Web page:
Today marks six months in country.
And the thing I get asked more than anything else is, “So, how are you doing?” Which isn’t a weird or remotely surprising question at all. But there’s something about the way it’s asked, the tone of voice or the way I can imagine their brow furrowing slightly as they ask, that indicates the concern underlying that curiosity.
I get it. I’ve posted on this blog all about my crying, my frustration, my bug bites. I don’t attempt to hide just how much I miss my family and my friends back home. I leave site fairly often and can see how this could be interpreted as attempts at escape.
But I want to assure you (and maybe myself?) that I’m doing just fine.
After having my life be in constant upheaval since last May when I left Seattle, I’m finally settling into my own space. It’s a little loud and the courtyard out front is still littered with debris, but I bought a fridge and chatted with my neighbors today. And can’t wait to plant a little garden of my very own. And maybe get those chickens I’ve been talking about.
I actually spend most of my time at work working nowadays. I have five youth groups and eight women’s groups that I meet with regularly – meaning I am working directly with about 350 individuals – with more on the way. I help my counterpart research opportunities and resources, I teach her how to better use excel and word, we make plans for the future of the office.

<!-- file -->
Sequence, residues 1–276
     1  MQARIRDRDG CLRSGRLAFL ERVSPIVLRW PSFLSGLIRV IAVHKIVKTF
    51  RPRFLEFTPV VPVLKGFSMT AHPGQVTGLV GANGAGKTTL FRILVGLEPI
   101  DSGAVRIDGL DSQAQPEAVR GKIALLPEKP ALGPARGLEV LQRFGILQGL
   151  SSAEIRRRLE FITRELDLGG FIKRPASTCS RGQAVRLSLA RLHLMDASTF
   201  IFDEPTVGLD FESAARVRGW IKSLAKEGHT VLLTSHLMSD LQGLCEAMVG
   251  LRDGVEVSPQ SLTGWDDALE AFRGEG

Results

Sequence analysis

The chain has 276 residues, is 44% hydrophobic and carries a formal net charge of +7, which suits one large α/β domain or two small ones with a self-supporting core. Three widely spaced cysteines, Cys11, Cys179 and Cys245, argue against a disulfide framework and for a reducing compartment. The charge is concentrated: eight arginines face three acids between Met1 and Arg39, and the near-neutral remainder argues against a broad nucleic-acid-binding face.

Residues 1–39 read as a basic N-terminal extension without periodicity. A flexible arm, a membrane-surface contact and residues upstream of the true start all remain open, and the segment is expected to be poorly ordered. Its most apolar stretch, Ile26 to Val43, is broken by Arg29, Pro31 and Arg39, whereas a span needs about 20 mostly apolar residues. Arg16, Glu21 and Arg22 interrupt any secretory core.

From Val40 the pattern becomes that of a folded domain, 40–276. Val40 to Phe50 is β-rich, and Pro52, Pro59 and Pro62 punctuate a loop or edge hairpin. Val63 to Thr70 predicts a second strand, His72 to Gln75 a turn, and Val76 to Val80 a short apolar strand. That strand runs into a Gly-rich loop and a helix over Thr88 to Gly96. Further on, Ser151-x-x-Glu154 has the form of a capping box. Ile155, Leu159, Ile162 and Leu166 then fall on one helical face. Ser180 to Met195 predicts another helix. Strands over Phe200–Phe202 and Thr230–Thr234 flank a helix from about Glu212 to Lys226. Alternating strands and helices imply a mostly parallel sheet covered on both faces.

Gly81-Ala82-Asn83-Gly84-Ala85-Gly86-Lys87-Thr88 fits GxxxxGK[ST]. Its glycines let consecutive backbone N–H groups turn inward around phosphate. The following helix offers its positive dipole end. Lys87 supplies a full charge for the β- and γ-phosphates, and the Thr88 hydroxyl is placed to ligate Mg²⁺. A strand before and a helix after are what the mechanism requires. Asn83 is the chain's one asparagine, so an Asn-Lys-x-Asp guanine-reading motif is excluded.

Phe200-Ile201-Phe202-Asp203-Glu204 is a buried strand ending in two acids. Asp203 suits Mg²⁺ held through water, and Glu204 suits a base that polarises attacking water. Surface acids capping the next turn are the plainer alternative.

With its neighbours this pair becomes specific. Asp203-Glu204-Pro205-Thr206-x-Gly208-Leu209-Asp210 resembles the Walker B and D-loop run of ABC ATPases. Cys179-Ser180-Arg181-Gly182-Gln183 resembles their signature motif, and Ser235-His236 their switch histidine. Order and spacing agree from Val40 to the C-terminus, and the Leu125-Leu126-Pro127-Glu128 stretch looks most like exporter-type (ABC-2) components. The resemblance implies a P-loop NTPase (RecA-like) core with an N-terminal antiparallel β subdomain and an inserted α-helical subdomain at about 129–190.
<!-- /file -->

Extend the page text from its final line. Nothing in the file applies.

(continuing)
I still hate bartering at the market, but celebrate when I manage to save myself a Q or two. I know which stores to go to for my favorite things and they now know me, reaching for the diet coke or a piece of fresh, local cheese when I walk in the door. The guys that drive the microbusses know where I need to get off and I have a go-to tuk tuk driver.
People have finally gotten used to seeing me around town. We exchange “Buenas tardes”. They know more about me than I realize and I am often taken aback by their familiarity with facts about me and my routines. Like when my neighbor asks me what I do in the muni – though I have never told her I work there. Or when the lady that sells tostadas asked me if I moved because she hasn’t seen me pass her house lately.
I like the countless animals roaming the streets. I love riding in the back of pick-ups. I like that we all eat lunch together in my office while chisme flies along with the occasional dirty joke that I only sometimes understand. I’ve gotten used to using a pila and have still not tired of beans and tortillas. I appreciate my friends that put forth the effort to keep in touch and look forward to my planned visit home in May, but I don’t feel crippling loneliness here.
It’s a process. I have good days and bad days and still couldn’t tell you if I’m making progress on any of those three goals. I might not be a model volunteer and may spend way too many weekends crisscrossing the country on chicken busses. My community may never really understand why that girl lived here for two years. I will never get used to the bugs and may never figure out why my bathroom smells the way it does. But I think I’m doing okay.